We also have seen a number of time proselytizing restrictions that are generally applicable, which provide that no one may go door-to-door except between the hours of 10:00 a.m. to 3:00 p.m., totally leaving evening
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Mr. CANADY. When nobody is at home.
Mr. KEETCH. That's right. And excluding Saturdays, Sundays, and holidays.
All of those laws under Smith are very difficult to challenge because they apply across the board to everyone who wants to do door-to-door contacting.
Mr. CANADY. Don't we get into First Amendment issues with those
Mr. KEETCH. There is some question, and naturally if we were to litigate thoseand it looks like we are going to have to litigate somewe will be able to use Justice Scalia's hybrid language to claim that there is not only a right to free exercise, there is a right to free speech as well. It remains to be seen, I think, what the Court will do with its hybrid exception that it articulates in Smith and exactly how far it's willing to go in providing protections in those areas.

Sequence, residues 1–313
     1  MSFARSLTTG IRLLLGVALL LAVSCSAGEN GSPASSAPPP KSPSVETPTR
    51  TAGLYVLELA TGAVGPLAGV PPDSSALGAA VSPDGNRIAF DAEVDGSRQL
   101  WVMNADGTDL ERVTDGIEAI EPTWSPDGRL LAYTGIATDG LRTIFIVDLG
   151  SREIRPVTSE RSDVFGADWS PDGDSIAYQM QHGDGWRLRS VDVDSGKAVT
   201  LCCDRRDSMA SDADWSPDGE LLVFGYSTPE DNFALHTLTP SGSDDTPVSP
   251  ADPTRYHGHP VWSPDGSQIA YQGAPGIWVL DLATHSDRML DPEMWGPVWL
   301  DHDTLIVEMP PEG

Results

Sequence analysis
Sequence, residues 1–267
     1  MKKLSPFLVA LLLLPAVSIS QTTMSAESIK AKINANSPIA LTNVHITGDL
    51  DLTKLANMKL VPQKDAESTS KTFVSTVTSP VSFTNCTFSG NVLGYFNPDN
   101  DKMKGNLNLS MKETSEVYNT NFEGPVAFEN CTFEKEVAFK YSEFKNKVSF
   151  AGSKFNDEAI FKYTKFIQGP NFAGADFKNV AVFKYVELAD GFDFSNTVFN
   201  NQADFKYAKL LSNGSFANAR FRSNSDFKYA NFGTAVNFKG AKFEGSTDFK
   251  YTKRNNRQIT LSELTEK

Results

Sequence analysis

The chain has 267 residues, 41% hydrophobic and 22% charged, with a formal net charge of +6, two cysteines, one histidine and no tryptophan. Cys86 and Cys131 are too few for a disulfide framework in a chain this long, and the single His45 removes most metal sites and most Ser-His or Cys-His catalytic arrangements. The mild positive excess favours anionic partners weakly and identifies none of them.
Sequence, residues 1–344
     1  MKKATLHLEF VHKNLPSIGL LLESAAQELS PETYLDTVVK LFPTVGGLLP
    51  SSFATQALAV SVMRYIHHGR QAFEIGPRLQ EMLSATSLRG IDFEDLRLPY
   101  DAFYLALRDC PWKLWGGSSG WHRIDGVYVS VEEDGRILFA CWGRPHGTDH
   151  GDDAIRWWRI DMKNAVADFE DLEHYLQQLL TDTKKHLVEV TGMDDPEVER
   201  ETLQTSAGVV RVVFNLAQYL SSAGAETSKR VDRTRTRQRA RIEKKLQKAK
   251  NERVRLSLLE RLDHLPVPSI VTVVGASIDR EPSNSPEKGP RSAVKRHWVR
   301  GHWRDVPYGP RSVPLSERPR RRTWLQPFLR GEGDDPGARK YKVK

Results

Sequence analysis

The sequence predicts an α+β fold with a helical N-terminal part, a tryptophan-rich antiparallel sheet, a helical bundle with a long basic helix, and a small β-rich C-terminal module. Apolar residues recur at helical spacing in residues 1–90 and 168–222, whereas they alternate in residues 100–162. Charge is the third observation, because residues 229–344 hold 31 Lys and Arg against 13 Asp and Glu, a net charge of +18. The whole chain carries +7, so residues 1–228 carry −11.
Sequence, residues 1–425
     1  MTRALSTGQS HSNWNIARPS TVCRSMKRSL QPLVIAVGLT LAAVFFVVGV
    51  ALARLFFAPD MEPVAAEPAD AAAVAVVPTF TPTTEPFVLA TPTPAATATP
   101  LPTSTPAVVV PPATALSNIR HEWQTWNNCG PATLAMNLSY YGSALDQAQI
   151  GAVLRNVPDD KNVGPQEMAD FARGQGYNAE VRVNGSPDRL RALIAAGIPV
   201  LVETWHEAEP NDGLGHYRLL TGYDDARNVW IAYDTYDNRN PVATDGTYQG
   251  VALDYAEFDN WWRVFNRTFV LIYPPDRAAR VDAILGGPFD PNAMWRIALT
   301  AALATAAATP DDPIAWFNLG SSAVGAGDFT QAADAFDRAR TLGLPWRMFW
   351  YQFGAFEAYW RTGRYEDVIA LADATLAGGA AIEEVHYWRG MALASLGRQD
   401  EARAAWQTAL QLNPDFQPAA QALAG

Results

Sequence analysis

Mr. CANADY. Is there any pending litigation, with respect to any of these restrictions, that you're aware of?
Mr. KEETCH. There is not from our side, but if you were to ask me that question in another month, there may well be.
Page 168 PREV PAGE TOP OF DOC Mr. CANADY. Okay. Is anybody else aware of any pending litigation on similar restrictions? Okay.
That's very troubling information you provided, and I think that's something that we need to focus on.
Let me turn to Mr. Stern. Mr. Stern, it seems that the more a religious practice involves some deviation from common secular activity, such as in the case of religious dietary or garment laws, the more that practice is vulnerable to violation or infringement under generally applicable laws. Would you agree with that statement and could you elaborate on your experience in support of that?